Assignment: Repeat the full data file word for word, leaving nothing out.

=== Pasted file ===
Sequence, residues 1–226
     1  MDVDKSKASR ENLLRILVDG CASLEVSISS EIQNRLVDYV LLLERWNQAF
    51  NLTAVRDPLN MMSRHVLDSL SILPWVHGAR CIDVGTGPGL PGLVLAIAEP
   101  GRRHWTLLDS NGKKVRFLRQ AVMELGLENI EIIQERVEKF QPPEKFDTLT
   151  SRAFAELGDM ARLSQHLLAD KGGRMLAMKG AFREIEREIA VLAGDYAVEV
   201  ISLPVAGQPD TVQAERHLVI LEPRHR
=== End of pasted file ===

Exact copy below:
Sequence, residues 1–226
     1  MDVDKSKASR ENLLRILVDG CASLEVSISS EIQNRLVDYV LLLERWNQAF
    51  NLTAVRDPLN MMSRHVLDSL SILPWVHGAR CIDVGTGPGL PGLVLAIAEP
   101  GRRHWTLLDS NGKKVRFLRQ AVMELGLENI EIIQERVEKF QPPEKFDTLT
   151  SRAFAELGDM ARLSQHLLAD KGGRMLAMKG AFREIEREIA VLAGDYAVEV
   201  ISLPVAGQPD TVQAERHLVI LEPRHR